Food banks across Scotland have noticed a continuing increase in users, while some say donations have dropped.
Fiona Dalgleish, the manager at Peeblesshire Foodbank, told BBC Scotland News: “We are dreading the winter to be honest.
"Last year was bad enough, but people are now completely exhausted and demoralised on top of being cold and hungry."
Trussell Trust, a food bank network which operates across the UK, said it had distributed 128,490 food parcels in Scotland so far this year.
The Inverclyde food bank is part of the Trussell Trust network and manager Adam Wines said he had noticed a 36% increase in use at the same time as a 30% drop in donations.
Mr Wines said donations were typically from local supermarkets and churches.
However, he added that the food bank has had to shop for groceries to be able to continue supporting the community.
FareShare is an organisation that distributes unsold and extra food from supermarkets to community groups such as after-school clubs, homeless shelters and food pantries across Scotland.
It has also noticed it has distributed more food this year and is expecting the demand to increase over the winter period.
The People's Pantry in the Govanhill area of Glasgow is part of the Fairshare Network.
Pantries are an alternative to food banks where users shop for produce at a highly subsidised price instead of receiving it for free.
The People's Pantry aims to provide nutritious and "culturally appropriate" food to accommodate the community, particularly as Govanhill is one of the most ethnically diverse neighbourhoods in Scotland.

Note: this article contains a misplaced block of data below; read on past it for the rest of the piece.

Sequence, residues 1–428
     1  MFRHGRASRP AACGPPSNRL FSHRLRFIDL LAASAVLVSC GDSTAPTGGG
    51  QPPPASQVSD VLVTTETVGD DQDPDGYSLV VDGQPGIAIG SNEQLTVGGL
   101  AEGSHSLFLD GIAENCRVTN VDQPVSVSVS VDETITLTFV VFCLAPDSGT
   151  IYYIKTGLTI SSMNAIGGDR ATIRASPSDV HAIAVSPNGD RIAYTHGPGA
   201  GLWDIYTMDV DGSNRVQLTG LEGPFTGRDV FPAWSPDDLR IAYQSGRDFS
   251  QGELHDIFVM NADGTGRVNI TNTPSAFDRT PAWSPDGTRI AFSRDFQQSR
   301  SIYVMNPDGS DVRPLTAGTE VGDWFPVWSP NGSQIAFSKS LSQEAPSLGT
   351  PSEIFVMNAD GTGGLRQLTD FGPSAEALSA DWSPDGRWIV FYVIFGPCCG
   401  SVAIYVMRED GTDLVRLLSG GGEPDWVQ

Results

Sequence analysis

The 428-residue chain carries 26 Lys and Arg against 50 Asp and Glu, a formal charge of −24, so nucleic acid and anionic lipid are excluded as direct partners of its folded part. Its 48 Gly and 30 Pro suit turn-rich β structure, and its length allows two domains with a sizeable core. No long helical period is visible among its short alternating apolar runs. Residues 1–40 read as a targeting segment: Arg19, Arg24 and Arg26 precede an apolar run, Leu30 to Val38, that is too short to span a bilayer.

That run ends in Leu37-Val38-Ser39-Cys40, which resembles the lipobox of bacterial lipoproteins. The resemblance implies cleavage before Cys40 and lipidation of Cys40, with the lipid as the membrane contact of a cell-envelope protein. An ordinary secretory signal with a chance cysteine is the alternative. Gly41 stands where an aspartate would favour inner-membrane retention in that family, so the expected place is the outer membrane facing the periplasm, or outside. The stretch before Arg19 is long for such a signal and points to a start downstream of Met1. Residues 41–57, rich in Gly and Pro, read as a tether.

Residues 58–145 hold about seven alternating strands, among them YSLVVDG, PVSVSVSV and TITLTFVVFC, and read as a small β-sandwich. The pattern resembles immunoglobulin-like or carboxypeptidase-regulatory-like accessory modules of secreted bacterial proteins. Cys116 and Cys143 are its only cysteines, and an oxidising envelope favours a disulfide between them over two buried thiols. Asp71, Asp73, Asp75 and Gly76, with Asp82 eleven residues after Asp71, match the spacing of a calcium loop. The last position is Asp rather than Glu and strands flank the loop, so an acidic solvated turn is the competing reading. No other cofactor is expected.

Ms Uygun is the chief executive of Govanhill Baths, which manages the pantry.
"We have a lot of Muslims and people from different ethnic backgrounds who don't always understand or like what we consider appropriate food," she said.
"There are lots of vegetables that you wouldn't get in supermarkets because they’re eaten by a particular ethnic group and they don’t get catered for."
Other culturally relevant foods include halal meat and specific herbs and grains.
Donations have 'completely dropped'
The £4 fee members pay for their regular shop is used to buy fresh and culturally specific foods from markets and wholesalers, as these are not always included in supermarket donations.
"We also have a really good relationship with local community organisations," Ms Uygun said.
However, she added that donations had "completely dropped" and the diversity of food that was being donated was much smaller.
The People's Pantry has about 550 active members with 300-400 people using the shop weekly.
"We do have a very large waiting list of more than 400. That tells you quite a lot about the amount of people wanting cheap food." she said.
She added that community members had asked for a microwave in the space and that "hot soup Fridays" had been reintroduced to provide hot meals to take away.
"We’re doing more of that now than we’re used to because people are turning up more and more hungry, but also they can't afford to heat the food that they buy from us," she said.
Gerard McKenzie-Govan runs a food bank nicknamed the "tuck shop" at his not-for-profit clothing store in Glasgow.
He has noticed the same drop in donations as Mr Wines and Ms Uygun, and has also begun a weekly hot food service for the community.
Mr McKenzie-Govan told BBC Radio Scotland's Drivetime programme: "We've got younger people coming in, we've got people that are older, in their late sixties.
"It seems like it's now become a reality that poverty has really hit people this year."
Polly Jones, head of the Trussell Trust in Scotland, said: "At a time when need for emergency support is greater than ever, the scale of the hunger and hardship faced by thousands in Scotland must be met with significantly scaled-up action this winter and beyond."